'Derision of gays made me suicidal'

By Michael Dickison

Denis McLay said telling family and friends has made his life easier. Photo / Paul Estcourt
Denis McLay said telling family and friends has made his life easier. Photo / Paul Estcourt

The 17-year-old son of a former Cabinet minister says he struggled as a closet homosexual boarder at King's College, and was pushed to contemplate suicide on several occasions.

Denis McLay, son of former Deputy Prime Minister Jim McLay, who is now the New Zealand ambassador (permanent representative) to the UN, is calling for harassment to stop.

There was a culture where everyone - especially young men - callously derided homosexuals in private, not thinking that among them could be some who kept their sexuality a secret, Denis said.

"It was painful to hear those comments while in the closet," he said. "They made me feel depressed, unwanted and not normal.

"I used to get very depressed. The feeling that you have to hold this secret and not tell anyone, it kind of destroys you. Holding that secret so long, I felt I couldn't hold on any longer."

Denis wrote to the Herald hoping to raise awareness about how hard it is to be gay at school.

"I would like an article in the paper speaking out against harassment at schools," he wrote.

"I have contemplated suicide several times due to this harassment. It must stop. It is not acceptable for this to happen in today's society."

He recently told his friends and family of his sexuality, and since then everything had become easier and he said everyone had been supportive.

"The statistics say it's about one in 10 who are homosexual. We have nearly 1000 kids at King's, so there must be 100 in my situation," he said.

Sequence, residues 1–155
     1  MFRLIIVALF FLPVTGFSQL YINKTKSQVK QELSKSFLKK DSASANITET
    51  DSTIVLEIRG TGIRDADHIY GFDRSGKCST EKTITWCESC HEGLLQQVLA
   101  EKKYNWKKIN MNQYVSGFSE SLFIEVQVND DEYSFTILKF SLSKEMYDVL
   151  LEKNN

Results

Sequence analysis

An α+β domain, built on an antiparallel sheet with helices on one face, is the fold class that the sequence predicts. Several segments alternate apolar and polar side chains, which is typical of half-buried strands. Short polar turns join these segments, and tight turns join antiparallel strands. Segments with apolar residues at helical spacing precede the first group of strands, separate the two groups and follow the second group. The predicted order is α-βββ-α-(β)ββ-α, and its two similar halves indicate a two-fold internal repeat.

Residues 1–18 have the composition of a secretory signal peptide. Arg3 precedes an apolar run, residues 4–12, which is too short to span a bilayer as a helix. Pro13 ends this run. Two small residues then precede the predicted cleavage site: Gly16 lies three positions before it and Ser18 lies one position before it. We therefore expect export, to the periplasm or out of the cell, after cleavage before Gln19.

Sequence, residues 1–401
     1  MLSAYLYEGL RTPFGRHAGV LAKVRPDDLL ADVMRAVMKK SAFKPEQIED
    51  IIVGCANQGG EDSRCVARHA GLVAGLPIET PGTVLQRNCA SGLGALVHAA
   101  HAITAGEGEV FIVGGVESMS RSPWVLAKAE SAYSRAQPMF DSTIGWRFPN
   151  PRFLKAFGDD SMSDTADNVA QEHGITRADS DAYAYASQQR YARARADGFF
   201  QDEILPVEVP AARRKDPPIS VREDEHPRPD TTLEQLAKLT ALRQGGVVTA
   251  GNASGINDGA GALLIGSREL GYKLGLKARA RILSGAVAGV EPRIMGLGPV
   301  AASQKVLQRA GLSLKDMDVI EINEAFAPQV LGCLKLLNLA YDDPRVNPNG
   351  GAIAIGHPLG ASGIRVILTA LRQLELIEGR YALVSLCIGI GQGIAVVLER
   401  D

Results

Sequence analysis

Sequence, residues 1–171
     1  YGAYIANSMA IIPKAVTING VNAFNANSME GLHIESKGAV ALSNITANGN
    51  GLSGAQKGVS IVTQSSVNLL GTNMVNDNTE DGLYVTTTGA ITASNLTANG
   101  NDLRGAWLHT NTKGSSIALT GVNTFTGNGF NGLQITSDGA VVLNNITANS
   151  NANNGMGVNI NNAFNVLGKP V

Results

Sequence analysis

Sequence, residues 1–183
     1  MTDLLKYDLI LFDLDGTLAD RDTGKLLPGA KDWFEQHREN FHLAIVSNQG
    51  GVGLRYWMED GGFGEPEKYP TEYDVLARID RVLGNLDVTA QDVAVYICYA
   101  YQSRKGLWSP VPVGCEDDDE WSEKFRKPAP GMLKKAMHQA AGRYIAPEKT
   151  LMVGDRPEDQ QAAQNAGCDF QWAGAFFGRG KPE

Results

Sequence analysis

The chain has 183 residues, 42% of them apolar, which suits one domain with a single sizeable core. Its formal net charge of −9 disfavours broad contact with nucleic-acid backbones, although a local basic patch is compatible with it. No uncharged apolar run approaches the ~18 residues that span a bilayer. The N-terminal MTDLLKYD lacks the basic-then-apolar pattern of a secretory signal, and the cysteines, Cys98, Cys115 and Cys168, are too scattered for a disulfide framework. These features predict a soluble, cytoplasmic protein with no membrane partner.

He was speaking out for the possible 100 peers who would be struggling as he had been, Denis said. "To be honest, it's not a fun place to be.

"There might be six others in the house who are gay. To feel that society is compelling them to hide ... I want more people to be able to be honest about who they are."

The situation was sensitive at a boarding school.

"If you tell people you're gay, they might think, 'he might like me'," Denis said.

"You can't control who you love, but people have nothing to fear. There's no basis for it. You might tell someone you like them, and if they say, 'Sorry, I'm straight', that's the end of it."

It was neither boarding school nor King's College that was the problem. "It's society in general," Denis said.

King's College had a difficult year last year, when three students died - one in his sleep, one after falling from a motorway over-bridge, and one after drinking alcohol.

Denis said the school, including its counsellor and chaplain, was supportive if you reached out.

"The system is there but people are afraid to use it."

WHERE TO GET HELP

If you need to talk to someone please call Youthline 0800 376 633 or Lifeline 0800 543 354.

- NZ Herald

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